Soon, the north end of the lake became too busy with boat traffic and unsuitable for sailing, so in 1951 this second clubhouse was moved to the present location of CYC, 635 East Chestermere Drive, it is believed that this shed or the better part of it, came along.
These three photos courtesy of Michael Hooper, former Commodore and present Chestermere resident, were taken by Bert Linder, CYC member and cabin owner in the 1950s and 60s. ( 677 East Chestermere Drive). The first photo shows a view of the shed (looking north) from the water, off the Linder’s dock. The shed was in the SW of the property and the doors faced west, with finger docks from the shed to assist the sailors launching.They winched them out to the water from trailers in the shed. The photo shows a second shed as well. The club house can be seen in the background ( red roof) and the cabin owned by Woodliffe family in the background. The next two (aerial) photos show the footprint of the shed in the SW corner, and remnants of the finger docks), and the roof of the CYC with barely visible, white “CYC” painted on the long west roof.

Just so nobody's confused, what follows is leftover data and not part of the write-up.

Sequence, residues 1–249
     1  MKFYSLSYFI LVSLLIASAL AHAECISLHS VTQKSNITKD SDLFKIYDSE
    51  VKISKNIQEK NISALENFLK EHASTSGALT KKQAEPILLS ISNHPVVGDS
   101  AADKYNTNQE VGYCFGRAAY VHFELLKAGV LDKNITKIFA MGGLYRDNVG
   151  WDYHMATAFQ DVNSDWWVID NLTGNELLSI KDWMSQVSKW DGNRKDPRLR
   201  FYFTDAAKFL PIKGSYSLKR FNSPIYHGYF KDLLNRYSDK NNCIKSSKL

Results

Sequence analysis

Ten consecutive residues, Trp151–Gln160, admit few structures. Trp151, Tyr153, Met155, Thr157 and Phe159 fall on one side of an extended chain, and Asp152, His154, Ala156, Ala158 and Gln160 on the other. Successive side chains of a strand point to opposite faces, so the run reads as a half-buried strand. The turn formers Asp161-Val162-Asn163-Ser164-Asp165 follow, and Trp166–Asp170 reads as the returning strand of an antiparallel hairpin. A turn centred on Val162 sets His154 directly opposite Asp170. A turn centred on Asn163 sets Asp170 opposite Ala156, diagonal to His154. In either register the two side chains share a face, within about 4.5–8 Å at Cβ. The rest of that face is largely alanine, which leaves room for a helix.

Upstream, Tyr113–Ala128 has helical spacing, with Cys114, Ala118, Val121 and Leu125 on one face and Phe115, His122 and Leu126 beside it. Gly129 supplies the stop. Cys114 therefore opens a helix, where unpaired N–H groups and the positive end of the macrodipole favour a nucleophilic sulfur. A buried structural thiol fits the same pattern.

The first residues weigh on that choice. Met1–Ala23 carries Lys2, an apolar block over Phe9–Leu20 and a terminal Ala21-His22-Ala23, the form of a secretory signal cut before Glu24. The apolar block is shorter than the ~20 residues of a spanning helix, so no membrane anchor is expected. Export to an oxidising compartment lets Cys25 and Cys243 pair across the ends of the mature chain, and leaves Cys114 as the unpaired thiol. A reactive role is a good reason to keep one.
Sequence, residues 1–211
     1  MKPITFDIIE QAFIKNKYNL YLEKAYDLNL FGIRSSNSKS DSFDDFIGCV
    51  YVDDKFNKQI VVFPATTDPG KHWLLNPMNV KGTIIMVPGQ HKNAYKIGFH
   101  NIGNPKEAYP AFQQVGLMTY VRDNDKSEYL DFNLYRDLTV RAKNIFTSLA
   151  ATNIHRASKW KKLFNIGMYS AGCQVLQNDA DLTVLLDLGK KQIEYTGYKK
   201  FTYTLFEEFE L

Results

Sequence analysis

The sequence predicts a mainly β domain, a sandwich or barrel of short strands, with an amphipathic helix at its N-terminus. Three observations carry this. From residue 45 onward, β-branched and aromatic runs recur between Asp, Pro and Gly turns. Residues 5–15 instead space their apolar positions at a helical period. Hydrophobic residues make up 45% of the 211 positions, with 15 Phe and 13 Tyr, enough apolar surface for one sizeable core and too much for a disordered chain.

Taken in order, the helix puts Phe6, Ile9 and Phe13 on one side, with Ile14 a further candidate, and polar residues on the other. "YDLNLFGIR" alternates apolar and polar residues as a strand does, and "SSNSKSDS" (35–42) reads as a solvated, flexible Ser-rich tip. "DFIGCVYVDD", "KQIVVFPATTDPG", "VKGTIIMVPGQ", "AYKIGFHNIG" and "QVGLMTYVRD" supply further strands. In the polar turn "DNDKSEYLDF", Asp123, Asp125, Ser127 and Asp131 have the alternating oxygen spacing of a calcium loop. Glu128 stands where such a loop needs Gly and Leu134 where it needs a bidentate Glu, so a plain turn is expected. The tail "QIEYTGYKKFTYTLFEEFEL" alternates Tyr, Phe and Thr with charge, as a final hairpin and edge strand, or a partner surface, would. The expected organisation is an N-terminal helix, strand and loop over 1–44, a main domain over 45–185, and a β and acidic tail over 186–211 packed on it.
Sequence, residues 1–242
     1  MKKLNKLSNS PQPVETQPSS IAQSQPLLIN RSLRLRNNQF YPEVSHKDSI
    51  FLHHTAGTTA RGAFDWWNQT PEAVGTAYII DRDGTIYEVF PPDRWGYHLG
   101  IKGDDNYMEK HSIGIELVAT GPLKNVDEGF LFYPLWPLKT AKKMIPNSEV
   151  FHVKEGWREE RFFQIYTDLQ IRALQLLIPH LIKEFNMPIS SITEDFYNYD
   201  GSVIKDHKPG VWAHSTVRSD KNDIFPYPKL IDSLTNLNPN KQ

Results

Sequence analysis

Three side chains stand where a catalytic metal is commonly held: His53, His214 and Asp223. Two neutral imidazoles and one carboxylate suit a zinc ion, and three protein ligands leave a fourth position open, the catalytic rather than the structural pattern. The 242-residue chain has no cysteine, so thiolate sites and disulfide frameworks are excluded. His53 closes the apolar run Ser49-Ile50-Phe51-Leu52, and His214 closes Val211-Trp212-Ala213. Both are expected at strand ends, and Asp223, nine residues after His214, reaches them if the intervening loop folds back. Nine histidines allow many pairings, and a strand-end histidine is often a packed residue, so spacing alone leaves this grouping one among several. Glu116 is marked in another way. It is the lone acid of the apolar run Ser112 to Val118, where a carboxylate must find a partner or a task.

The shed was moved in 1959 (according to Toddy Hooper) to the SE corner of the property ( second photo upper left), where it was until demolition in 2020.
In this 1973 photo of the entrance to the CYC looking west, (courtesy of the Penley family, Ken Penley was commodore 1966, 1997) the shed can be seen to the left of the photo to the place where it was moved in 1959 until demolition in 2020.